Is the Corruption of Congress an Inevitable Consequence of Division of Labor?
Adam Ferguson, in An Essay on the History of Civil Society (1767), analyzes the effects of division of labor ('separation of arts') on society in general, and here on the conduct of deliberative bodies:
The principal objections, to democratical or popular government, are taken from the inequalities which arise among men in the result of commercial arts. And it must be confessed, that popular assemblies, when composed of men whose dispositions are sordid, and whose ordinary applications are illiberal, however they may be intrusted with the choice of their masters and leaders, are certainly, in their own persons, unfit to command. How can he who has confined his views to his own subsistence or preservation, be intrusted with the conduct of nations? Such men, when admitted to deliberate on matters of state, bring to its councils confusion and tumult, or servility and corruption; and seldom suffer it to repose from ruinous factions, or the effect of resolutions ill formed or ill conducted.
The Athenians retained their popular government under all these defects. The mechanic was obliged, under a penalty, to appear in the public market-place, and to hear debates on the subjects of war and of peace. He was tempted by pecuniary rewards, to attend on the trial of civil and criminal causes. But, notwithstanding an exercise tending so much to cultivate their talents, the indigent came always with minds intent upon profit, or with the habits of an illiberal calling. Sunk under the sense of their personal disparity and weakness, they were ready to resign themselves entirely to the influence of some popular leader, who flattered their passions, and wrought on their fears; or, actuated by envy, they were ready to banish from the state whomsoever was respectable and eminent in the superior order of citizens; and whether from their neglect of the public at one time, or their mal-administration at another, the sovereignty was every moment ready to drop from their hands.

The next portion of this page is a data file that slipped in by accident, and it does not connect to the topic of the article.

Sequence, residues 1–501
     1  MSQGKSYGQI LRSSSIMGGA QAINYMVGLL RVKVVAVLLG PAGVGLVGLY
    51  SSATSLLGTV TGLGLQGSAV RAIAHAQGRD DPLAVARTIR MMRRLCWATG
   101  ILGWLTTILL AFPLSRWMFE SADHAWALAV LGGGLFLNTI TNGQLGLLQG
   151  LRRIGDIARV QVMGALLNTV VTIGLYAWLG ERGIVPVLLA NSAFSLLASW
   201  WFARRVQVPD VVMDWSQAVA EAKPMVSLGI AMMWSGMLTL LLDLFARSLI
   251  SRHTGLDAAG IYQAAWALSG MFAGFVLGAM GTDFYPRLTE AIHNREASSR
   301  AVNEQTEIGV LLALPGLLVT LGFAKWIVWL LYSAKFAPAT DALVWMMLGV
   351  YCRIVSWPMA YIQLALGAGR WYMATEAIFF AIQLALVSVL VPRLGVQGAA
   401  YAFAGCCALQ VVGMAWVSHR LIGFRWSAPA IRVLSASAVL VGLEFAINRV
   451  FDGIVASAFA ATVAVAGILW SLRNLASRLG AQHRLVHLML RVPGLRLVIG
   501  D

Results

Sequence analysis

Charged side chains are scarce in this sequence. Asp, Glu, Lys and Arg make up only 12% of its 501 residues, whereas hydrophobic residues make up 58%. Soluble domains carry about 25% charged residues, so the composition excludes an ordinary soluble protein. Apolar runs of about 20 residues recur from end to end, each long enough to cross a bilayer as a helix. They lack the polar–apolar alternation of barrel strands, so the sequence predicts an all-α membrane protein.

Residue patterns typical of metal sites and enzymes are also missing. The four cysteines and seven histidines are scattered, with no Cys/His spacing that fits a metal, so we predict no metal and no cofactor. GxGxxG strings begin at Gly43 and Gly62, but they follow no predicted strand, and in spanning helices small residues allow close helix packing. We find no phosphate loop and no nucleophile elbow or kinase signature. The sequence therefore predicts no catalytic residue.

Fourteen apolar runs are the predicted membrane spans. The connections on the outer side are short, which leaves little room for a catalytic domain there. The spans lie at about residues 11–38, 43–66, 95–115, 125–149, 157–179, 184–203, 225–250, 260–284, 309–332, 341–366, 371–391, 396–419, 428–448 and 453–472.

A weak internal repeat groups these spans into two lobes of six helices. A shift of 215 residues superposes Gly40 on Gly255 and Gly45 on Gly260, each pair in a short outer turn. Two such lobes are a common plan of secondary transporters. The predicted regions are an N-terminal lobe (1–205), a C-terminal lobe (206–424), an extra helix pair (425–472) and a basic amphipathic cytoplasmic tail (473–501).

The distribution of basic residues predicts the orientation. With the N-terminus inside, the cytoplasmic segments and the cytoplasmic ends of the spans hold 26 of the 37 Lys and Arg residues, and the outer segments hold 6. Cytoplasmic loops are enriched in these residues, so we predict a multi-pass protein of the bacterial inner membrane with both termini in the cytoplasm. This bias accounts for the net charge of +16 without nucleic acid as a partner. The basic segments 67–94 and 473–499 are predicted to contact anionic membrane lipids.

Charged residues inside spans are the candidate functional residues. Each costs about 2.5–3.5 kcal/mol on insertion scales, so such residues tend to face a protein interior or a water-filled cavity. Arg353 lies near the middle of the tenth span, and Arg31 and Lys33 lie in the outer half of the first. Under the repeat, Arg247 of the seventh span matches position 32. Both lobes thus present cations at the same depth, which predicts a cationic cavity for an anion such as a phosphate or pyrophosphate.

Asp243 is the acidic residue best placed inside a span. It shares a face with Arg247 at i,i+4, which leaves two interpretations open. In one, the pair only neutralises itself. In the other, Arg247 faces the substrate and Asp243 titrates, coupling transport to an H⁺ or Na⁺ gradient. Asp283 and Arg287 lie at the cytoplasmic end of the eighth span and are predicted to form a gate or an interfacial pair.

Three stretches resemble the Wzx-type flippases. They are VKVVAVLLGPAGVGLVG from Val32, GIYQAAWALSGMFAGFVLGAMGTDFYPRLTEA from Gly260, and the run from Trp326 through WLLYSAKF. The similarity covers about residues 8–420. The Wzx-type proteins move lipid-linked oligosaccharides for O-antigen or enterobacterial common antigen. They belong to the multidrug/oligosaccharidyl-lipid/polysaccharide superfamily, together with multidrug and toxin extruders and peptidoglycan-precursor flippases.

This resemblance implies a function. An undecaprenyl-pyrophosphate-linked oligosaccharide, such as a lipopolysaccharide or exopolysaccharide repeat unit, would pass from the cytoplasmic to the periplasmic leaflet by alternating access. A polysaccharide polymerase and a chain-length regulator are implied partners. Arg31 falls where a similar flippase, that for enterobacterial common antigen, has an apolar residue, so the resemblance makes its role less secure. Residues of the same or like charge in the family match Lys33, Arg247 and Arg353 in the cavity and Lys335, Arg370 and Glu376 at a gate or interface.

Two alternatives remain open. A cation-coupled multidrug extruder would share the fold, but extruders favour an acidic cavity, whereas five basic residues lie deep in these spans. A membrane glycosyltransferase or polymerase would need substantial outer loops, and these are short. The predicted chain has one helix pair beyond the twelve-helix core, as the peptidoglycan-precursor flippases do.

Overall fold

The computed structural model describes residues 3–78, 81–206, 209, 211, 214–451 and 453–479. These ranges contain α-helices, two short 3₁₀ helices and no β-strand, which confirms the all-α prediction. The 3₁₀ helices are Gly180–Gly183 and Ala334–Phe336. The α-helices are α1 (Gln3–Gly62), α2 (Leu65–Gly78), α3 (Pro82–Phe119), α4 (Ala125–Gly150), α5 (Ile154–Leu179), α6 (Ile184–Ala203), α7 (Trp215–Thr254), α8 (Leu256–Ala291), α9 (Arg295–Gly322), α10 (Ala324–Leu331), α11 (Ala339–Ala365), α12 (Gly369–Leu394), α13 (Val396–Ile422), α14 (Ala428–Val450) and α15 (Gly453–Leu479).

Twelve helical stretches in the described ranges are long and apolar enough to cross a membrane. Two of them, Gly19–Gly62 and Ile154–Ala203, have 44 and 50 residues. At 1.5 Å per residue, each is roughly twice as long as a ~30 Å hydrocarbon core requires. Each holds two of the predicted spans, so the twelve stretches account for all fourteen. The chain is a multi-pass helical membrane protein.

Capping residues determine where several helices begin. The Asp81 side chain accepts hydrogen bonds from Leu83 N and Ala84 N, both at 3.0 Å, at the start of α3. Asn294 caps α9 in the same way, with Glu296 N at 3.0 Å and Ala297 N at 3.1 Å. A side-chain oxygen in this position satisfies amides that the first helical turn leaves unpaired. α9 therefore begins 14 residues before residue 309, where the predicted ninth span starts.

The people, in this case, are, in fact, frequently governed by one, or a few, who know how to conduct them. Pericles possessed a species of princely authority at Athens; Crassus, Pompey, and Caesar, either jointly or successively, possessed for a considerable period the sovereign direction at Rome.
Whether in great or in small states, democracy is preserved with difficulty, under the disparities of condition, and the unequal cultivation of the mind, which attend the variety of pursuits, and applications, that separate mankind in the advanced state of commercial arts. In this, however, we do but plead against the form of democracy, after the principle is removed; and see the absurdity of pretensions to equal influence and consideration, after the characters of men have ceased to be similar.